The NDL was the culmination of earlier efforts prompted by the Librarian, who recognized the potential of the emerging Internet and the importance of using it to get the unique collections of the Library out to a wider audience. He urged the creation in 1990 of a pilot program called American Memory, which digitized materials in the collections, put them on CD-ROMs and distributed them to 44 selected schools and libraries around the country. At the same time, the Library began to use the new technology to bring other resources to users remotely. In 1992, it began making selected images from its exhibitions available on the Internet, and in 1993 the Library’s enormous book catalog and other Library resources became available online to the public.
The Library continues to “reach out more broadly” with its National Digital Information Infrastructure and Preservation Program, working with partners to collect and preserve digital content that would otherwise disappear. Speaking before the U.S. National Commission for UNESCO in 2005, Billington proposed the World Digital Library, which is gathering an online collection of significant primary materials from cultures around the world.
Another major accomplishment of Billington’s tenure is his success in reaching out to the private sector to help support the Library’s goals. In 1987 he created the institution’s first Development Office, and in 1990 he formed the James Madison Council, whose members have raised $367 million for the Library’s programs. Those private funds enabled the Librarian to create the Kluge Center for Scholars in 2000, to award the first $1 million Kluge Prize for lifetime achievement in the study of humanity in 2003, to support a number of major exhibitions at the Library, to acquire rare materials for the Library’s collections and to fund National Film Registry tours around the country.
Billington gave strong support to the creation of the National Film Preservation Board in 1988 and the National Recording Registry in 2000 to help ensure that these unique and fragile film and recorded sound resources are appreciated and preserved, and he was instrumental in bringing treasures from the Vatican Library, the Bibliothèque Nationale de France and other world libraries to exhibit at the Library of Congress for the first time.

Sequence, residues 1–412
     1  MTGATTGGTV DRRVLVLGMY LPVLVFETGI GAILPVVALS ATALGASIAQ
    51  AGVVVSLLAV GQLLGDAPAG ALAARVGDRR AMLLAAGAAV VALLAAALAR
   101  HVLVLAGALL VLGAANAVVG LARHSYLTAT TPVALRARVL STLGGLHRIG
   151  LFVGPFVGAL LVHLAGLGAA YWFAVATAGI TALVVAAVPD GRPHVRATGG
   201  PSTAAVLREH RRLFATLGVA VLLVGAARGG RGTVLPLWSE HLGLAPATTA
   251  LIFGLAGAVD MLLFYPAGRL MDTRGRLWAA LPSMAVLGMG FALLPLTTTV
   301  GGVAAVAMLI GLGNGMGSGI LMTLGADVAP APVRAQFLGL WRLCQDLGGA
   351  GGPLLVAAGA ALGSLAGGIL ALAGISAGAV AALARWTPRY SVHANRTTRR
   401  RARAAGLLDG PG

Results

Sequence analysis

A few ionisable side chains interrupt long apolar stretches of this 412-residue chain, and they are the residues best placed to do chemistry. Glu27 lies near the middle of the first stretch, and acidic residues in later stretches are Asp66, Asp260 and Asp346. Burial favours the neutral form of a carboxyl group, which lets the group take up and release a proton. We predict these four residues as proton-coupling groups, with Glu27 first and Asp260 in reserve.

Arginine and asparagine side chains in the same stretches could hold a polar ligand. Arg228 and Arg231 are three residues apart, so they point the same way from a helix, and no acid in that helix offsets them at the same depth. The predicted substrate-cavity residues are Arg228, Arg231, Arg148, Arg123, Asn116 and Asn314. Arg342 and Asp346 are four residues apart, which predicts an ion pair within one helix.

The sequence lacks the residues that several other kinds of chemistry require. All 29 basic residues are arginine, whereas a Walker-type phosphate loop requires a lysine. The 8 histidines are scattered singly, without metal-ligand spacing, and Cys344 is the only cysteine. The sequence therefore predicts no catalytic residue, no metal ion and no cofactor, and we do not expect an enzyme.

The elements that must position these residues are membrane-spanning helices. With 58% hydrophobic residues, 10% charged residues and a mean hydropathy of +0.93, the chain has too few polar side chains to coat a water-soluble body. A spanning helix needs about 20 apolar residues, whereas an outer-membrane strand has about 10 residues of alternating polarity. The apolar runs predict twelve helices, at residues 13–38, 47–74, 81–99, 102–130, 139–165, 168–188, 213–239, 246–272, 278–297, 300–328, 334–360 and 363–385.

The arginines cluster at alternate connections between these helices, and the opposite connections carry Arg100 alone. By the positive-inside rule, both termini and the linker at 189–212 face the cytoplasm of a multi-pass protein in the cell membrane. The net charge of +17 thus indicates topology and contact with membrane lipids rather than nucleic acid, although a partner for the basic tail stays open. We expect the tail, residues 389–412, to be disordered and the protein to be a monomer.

He also searched for a way to publish a national magazine about the Library of Congress, and Civilization magazine, published under a licensing agreement by an outside company from 1995 to 2000, was the result. Although it succeeded in reaching out to a national audience and bringing many of those subscribers into the Library for the first time, Civilization succumbed to the harsh competitive environment of magazine publishing.
An immensely popular outreach effort, the National Book Festival, co-sponsored by the Library and First Lady Laura Bush for the past seven years, has grown to more than 70 authors and illustrators and more than 120,000 visitors annually.
In the planning stages and scheduled to open in the Jefferson Building in 2008, and later to be joined by a new passageway into the U.S. Capitol, is a new interactive, educational visitors’ experience. Another Billington initiative, the visitors’ experience will help create connections between visitors and the Library’s collections that will spark lifelong learning.
Looking in More Deeply
Almost as soon as he took office in 1987, Billington convened a staff-led Management and Planning (MAP) Committee to conduct a one-year internal review of the Library’s functions. The result was a major administrative reorganization based on goals identified through the staff’s MAP study and articulation of a mission for the Library.
The creation of a staff newspaper was recommended by the MAP Committee, and on April 6, 1990, The Gazette was born. It has been published weekly ever since. In a letter to the staff in its first issue, Billington wrote, “With this first issue, The Gazette comes to life as the Library of Congress’s own community newspaper… I hope it will stir interest, stimulate good ideas, and promote general awareness of the contributions of so many good people to the progress of this great institution.”
The Librarian also requested an audit of the Library by the General Accounting Office (GAO), which found a number of deficiencies in its financial management system. Once the GAO audit report was complete, Billington took immediate action to correct those deficiencies. As a result, the Library now has a financial system in place that has received independent unqualified audit opinions since 1996.
Billington encouraged initiative among the staff, and he advocated diversity in the Library’s workforce. An Affirmative Action Intern Program initiated in 1990 offered training to staff in lower-graded jobs so they could compete for higher-graded administrative, technical or professional positions. A Junior Fellows Program (1991) and a Leadership Development Program (1995) were created with private funding. The Junior Fellows Program brings young people into the Library to examine the Library’s unprocessed collections to identify materials that might have been overlooked, and the one-year Leadership Development Program has given leadership training to a select group of Library staff members from diverse backgrounds.